Look, palms in Plymouth UK believe it or not..:)
 

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Discussion Starter · #12 ·
LuckyJim. If the fog is miminal where you live and the village or town building codes will allow you, I would look further into solar/wind at least as back up power. However, you may also find yourself a target of anyone who can see you haveing power when they don't. I don't generally advocate the use of alternative energy for people living in congested areas, except for grid tie, where you simply lower your monthly bills. I also know nothing about the weird power you guys use over there. You need to talk to a local guy. But be careful of who you talk to about it, as I am sure they are going to make their next couple of vacations on you.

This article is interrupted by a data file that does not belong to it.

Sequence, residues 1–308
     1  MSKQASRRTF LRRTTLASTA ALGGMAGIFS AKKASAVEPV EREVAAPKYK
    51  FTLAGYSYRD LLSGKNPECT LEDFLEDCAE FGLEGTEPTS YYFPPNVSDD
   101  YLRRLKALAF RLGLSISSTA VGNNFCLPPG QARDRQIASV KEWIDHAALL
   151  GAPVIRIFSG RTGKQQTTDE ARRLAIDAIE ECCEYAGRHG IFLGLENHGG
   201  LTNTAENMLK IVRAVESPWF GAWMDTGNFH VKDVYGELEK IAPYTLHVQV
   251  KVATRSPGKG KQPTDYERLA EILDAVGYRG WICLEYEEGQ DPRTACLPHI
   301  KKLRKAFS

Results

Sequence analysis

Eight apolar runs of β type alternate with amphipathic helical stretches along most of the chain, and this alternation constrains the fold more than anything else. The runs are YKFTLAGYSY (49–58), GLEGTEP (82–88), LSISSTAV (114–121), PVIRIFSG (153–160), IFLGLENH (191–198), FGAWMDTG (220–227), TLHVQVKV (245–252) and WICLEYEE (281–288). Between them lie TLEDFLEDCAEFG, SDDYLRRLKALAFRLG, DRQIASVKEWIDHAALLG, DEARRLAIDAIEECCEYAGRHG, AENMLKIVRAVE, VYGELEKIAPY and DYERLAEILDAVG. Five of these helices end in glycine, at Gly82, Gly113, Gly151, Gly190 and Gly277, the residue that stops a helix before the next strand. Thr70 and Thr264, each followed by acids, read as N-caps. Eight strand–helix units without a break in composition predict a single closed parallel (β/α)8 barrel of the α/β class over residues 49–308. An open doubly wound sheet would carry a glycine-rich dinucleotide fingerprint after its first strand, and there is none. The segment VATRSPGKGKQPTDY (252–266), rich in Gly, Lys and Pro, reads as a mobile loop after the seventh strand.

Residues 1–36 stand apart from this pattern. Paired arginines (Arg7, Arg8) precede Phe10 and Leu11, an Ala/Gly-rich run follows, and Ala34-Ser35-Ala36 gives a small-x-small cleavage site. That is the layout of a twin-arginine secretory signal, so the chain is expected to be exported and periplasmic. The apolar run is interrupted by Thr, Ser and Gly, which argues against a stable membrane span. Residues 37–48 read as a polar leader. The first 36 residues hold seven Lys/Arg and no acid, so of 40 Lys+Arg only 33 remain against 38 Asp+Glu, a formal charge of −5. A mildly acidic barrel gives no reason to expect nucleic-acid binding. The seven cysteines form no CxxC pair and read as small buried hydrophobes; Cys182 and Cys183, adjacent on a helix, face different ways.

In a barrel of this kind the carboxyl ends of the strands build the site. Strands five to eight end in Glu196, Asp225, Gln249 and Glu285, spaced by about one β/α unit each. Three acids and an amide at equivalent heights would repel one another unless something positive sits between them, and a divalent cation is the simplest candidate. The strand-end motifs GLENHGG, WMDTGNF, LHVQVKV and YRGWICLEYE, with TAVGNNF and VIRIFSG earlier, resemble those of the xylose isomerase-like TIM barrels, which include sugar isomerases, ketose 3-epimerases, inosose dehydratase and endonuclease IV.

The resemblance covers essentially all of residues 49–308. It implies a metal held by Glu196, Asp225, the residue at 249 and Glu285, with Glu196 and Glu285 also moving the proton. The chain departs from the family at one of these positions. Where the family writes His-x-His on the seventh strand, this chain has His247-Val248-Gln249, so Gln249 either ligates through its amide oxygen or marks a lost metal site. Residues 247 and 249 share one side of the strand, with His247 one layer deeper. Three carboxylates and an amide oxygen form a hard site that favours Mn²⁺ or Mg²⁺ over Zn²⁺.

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Discussion Starter · #13 ·
Basics_SolarElect_OffGridFlow.jpg Basics_SolarElect_GridBBFlow.jpg Here are a few basic diagrams of solar and how it works. The first diagram is for totally off grid solar, while shot number 2 is for grid tie. Yes you can do both, but you have to make sure your inverter is set up for it.